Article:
Saturday, July 2, 2022

BPC warns electricity woes still to continue

Morupule B Power Plant is said to be experiencing severe technical problems due to the ongoing commissioning of the Units 1, 2 and 3. This, according to the Botswana Power Corporations (BPC), has resulted in the plant generating below capacity.

“This shortage implies that our national demand significantly exceeds supply and has inevitably led to the recent prolonged load shedding exercises being experienced throughout the country,” said the Corporation’s press statement.

From the beginning of this year, there have been several power cuts country-wide with some businesses slowing in production while some households were left in complete darkness for hours. This has had members of the public worrying because of these prolonged power cuts.

The nation should expect the adverse situation to continue, until the Morupule B Power plant is fully commissioned by the current estimated date of completion of end of June 2013,” said the statement.

BPC also said there are limited energy imports due to shortage of supply in the region. After the expiry of last year’s contract with South Africa’s Eskom on December 31, the new deal penned during the start of this year seems not to be enough to meet this country’s demand.

In this new deal, Botswana will get only 100 mega watts, which will run for 3 years. The other deal accompanying this new deal comes with supply of 200 mega watts ending this year July.

BPC Marketing and Communication Manager, Spencer Moreri, concurred with the above statement saying South Africa is also having problems of power shortage and this will also affect Botswana as they will use the same system courtesy of the new deal.

He said there is a need for Botswana to decrease dependency on South Africa as the country (South Africa) also suffers the same power shortages as it prepares for the winter period which requires high demand for electricity.

Moreri said the country can also depend on other power plants, like the Orapa plant and the Matshelagabedi plant.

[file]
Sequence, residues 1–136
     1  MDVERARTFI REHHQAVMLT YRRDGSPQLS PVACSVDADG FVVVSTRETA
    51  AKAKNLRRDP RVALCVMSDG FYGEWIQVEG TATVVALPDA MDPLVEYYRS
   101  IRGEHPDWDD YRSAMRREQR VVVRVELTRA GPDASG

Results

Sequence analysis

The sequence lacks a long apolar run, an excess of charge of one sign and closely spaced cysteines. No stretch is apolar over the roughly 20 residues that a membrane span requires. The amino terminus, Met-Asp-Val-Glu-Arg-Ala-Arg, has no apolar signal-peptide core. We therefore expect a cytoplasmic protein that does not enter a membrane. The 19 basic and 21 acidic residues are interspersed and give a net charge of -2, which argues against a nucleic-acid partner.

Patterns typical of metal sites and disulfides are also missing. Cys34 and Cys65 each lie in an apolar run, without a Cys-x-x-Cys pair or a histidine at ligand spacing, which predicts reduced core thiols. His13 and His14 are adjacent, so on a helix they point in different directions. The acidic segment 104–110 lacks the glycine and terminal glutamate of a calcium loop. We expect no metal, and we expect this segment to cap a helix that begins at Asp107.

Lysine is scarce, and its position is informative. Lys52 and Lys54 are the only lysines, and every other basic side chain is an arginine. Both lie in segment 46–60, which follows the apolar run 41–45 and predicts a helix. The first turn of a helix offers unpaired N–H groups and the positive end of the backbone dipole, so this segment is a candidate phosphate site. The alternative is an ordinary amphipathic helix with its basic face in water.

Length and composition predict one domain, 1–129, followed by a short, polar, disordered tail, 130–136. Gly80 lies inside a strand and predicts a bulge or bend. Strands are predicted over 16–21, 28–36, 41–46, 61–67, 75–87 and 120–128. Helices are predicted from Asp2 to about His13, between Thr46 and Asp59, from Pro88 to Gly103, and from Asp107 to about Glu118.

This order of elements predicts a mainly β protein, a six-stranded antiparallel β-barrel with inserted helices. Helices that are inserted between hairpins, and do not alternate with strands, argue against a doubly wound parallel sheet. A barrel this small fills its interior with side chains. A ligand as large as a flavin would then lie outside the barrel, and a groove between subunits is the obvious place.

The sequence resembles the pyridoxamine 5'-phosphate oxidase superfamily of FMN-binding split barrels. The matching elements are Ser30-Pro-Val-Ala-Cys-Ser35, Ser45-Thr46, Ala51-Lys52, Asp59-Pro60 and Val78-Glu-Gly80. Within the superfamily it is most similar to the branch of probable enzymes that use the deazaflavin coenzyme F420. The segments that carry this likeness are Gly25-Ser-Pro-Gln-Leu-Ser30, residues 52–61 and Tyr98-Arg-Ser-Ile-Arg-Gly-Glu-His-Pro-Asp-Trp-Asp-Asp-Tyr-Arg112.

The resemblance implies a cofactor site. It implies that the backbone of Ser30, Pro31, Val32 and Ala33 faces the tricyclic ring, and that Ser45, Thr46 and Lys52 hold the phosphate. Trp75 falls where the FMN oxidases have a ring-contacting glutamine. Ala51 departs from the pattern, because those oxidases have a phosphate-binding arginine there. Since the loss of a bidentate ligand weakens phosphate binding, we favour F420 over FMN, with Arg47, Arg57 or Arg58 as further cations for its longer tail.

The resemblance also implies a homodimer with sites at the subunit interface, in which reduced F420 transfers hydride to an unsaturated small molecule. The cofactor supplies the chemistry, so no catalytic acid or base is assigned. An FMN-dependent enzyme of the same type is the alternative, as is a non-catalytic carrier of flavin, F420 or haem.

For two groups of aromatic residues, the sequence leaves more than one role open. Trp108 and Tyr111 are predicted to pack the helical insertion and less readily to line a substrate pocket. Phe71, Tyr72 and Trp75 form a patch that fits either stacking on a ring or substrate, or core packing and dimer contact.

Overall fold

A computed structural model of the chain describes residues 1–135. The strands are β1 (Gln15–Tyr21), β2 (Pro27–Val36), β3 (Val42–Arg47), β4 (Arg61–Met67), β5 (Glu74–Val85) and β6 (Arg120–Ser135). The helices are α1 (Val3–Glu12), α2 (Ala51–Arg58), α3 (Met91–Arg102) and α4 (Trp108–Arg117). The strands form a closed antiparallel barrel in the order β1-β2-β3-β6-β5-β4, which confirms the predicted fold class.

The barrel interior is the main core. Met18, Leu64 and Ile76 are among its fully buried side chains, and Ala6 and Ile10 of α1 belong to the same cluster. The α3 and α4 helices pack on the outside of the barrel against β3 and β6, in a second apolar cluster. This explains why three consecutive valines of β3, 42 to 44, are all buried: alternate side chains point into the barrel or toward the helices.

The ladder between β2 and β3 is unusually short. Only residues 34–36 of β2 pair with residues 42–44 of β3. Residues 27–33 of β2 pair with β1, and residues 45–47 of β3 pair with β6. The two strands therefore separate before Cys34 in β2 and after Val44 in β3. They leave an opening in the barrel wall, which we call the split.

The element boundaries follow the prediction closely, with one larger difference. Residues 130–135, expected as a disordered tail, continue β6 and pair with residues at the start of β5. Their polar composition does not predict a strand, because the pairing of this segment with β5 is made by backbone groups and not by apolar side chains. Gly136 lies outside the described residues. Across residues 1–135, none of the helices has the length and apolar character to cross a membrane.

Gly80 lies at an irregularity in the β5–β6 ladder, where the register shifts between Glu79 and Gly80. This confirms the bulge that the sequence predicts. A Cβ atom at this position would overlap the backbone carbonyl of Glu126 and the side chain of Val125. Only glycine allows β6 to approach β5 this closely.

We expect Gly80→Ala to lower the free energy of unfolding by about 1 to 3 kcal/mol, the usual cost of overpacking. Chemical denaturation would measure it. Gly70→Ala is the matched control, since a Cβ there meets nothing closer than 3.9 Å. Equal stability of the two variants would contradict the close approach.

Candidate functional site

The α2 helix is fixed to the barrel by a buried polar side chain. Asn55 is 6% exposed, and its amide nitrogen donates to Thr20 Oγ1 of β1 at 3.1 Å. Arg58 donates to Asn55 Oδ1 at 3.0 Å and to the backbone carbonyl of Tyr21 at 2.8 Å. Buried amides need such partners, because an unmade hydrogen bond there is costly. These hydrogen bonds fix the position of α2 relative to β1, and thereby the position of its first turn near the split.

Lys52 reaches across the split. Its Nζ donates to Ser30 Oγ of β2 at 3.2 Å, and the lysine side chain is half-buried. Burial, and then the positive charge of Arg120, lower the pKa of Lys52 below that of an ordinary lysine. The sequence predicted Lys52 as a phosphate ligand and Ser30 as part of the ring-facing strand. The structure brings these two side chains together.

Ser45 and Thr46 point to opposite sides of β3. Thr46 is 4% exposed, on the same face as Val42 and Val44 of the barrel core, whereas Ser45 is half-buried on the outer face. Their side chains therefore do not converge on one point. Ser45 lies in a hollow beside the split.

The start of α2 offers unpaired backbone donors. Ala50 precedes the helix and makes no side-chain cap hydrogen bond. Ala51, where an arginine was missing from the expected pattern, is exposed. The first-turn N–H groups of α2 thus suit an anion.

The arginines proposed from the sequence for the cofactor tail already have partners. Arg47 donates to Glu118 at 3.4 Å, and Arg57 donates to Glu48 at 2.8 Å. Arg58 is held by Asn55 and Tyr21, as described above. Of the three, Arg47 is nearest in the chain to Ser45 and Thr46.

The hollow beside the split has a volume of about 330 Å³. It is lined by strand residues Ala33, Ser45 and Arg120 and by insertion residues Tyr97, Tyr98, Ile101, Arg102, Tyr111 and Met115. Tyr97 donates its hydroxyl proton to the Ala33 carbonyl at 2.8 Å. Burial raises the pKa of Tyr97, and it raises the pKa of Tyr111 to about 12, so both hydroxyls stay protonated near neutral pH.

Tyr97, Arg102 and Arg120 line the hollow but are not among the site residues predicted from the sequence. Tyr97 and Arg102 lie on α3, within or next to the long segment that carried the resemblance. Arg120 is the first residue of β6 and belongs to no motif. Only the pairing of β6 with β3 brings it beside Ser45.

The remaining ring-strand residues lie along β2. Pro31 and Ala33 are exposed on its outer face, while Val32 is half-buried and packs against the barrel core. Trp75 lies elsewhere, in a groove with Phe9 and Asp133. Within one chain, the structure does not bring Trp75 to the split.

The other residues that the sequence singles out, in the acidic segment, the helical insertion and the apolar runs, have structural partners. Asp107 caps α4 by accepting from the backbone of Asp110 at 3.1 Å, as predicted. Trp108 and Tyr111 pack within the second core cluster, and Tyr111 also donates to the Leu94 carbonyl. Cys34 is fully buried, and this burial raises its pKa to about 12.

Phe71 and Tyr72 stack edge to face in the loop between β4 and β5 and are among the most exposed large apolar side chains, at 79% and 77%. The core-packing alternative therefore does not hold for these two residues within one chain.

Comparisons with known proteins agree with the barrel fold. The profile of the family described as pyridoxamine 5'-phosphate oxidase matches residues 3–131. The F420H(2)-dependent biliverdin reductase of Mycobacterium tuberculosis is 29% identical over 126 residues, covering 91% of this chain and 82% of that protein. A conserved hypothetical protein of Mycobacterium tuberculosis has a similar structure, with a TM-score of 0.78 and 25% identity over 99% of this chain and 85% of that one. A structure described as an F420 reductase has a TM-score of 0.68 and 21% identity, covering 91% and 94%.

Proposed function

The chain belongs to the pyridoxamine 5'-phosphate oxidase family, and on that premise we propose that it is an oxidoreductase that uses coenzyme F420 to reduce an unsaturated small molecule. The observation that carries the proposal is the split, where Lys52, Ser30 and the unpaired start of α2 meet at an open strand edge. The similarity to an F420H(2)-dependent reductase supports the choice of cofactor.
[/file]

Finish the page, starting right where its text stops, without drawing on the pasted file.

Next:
Meanwhile, the efforts to put a stop on this country‘s electricity woes is said to be put at top priority by the government as during the Budget Speech last Monday Minister of Finance and Development Planning Kenneth Matambo said the reason the Ministry of Minerals, Energy and Water Resources gets a larger chunk for development budget at 26.82 percent is accounted to many projects awaiting development, including the BPC finances to cover Emergency Power at P300 million with Morupule A and Morupule B Power Stations at P160 million and P200 million respectively.

On another case, Moreri said sometimes power cuts are not caused by load shedding as some people think. He said sometimes power cuts happen because of some faults in the system and also when the maintenance team is at work. He denied that the January-February power cuts were caused by too much power used at the Africa Cup of Nations in South Africa.

“Sometimes people do not report faults, they then wait thinking it is load shedding,” said Moreri.

He advised that, to avoid possible long hours of load shedding, the public should cooperate with the corporation by switching off geysers during peak hours (6pm-10pm and 6am-10am). He said the public should switch off all appliances that are not absolutely critical, for example Air conditioners, swimming pool pumps and switching off lights that are not in use both in and outside the house.


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